One percent of sexually active adults contract genital warts. Appearing as small, cauliflower-shaped clusters, warts commonly appear as pink, white, or gray swellings in the genital area. The warts, which are caused by a large group of viruses called human papilloma, can itch or burn, though many women don't have symptoms. Some of these viruses can also increase the risk of cervical cancer.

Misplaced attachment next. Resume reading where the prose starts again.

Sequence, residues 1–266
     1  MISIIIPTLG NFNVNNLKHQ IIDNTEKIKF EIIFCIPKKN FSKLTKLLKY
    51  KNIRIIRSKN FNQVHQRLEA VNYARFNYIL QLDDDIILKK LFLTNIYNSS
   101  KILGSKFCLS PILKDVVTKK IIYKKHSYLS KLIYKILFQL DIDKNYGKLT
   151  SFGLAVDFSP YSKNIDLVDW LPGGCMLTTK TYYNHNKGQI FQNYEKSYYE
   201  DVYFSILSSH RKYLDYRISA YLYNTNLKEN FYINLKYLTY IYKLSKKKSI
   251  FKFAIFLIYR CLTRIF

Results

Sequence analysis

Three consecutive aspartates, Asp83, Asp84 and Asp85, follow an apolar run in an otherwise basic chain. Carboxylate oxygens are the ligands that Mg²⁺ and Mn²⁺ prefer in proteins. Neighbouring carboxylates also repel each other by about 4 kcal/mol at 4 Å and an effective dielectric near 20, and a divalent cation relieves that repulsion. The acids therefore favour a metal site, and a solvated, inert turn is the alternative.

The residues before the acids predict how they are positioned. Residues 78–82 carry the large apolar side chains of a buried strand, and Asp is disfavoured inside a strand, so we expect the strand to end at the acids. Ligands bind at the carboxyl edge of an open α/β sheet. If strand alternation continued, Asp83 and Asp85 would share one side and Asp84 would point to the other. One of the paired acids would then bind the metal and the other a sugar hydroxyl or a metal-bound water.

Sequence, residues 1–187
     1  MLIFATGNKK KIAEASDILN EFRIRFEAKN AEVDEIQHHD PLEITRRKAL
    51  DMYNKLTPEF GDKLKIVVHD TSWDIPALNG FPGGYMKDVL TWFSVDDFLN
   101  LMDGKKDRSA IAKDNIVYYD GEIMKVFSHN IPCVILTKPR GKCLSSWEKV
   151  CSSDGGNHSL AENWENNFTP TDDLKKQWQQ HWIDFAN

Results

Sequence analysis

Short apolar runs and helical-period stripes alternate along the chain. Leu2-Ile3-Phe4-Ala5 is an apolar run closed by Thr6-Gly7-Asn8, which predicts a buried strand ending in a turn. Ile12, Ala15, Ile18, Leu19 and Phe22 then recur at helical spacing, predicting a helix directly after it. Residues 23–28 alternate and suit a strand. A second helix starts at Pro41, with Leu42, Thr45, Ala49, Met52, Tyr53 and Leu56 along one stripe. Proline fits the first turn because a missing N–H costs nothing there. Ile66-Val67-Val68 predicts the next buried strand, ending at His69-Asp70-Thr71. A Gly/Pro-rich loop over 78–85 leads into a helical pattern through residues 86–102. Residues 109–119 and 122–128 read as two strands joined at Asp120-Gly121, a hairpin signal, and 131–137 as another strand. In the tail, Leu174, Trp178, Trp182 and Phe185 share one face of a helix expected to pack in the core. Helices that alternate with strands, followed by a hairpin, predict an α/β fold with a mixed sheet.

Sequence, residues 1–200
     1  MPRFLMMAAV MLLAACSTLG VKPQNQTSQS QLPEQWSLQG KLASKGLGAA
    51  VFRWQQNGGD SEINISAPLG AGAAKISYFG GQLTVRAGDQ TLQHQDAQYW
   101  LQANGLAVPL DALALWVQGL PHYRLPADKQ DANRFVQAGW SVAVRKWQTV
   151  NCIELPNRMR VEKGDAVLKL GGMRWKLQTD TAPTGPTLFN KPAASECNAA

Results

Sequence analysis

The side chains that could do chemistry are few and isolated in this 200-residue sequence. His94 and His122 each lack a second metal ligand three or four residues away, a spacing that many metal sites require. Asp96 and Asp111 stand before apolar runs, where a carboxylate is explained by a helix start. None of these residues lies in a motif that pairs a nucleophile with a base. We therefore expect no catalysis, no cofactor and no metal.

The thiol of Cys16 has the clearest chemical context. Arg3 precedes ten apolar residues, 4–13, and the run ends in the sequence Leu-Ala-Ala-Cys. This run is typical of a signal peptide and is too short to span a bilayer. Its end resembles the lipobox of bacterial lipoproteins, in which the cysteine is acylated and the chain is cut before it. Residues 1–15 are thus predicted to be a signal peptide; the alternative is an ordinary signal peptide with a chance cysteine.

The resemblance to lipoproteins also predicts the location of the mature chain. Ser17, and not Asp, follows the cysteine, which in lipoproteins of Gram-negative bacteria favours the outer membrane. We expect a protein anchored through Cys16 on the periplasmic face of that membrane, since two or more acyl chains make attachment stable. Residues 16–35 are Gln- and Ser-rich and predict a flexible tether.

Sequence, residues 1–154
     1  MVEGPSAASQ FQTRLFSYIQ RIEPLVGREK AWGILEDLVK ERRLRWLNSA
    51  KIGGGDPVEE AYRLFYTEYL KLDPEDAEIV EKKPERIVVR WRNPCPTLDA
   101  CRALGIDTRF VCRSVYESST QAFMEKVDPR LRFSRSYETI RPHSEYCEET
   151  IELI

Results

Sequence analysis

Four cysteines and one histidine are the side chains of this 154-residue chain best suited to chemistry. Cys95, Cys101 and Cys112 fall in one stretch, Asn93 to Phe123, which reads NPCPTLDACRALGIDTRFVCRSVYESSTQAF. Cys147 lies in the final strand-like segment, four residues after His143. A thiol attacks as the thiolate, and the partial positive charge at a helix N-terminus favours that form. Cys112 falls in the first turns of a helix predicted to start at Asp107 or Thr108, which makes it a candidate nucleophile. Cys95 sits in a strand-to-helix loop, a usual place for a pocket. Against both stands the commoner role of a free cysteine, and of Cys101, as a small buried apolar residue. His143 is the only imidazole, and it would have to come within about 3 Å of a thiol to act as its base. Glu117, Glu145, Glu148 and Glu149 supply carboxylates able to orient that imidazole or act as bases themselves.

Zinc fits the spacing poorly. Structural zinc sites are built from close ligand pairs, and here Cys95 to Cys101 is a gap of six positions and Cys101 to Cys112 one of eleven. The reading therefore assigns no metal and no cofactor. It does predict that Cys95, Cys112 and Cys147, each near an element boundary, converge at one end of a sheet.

Unfortunately, pregnancy-related hormones can cause genital warts to grow. Occasionally, these growths can become large enough to block the birth canal, making a cesarean delivery necessary. However, infected mothers rarely pass the virus on to their babies, so cesarean deliveries are not routinely recommended. If you have large, uncomfortable growths, removal with laser surgery or cryotherapy (freezing) is a safe option, but chemical treatments should be avoided. After pregnancy, genital warts often return to their prepregnancy size or may go away without treatment.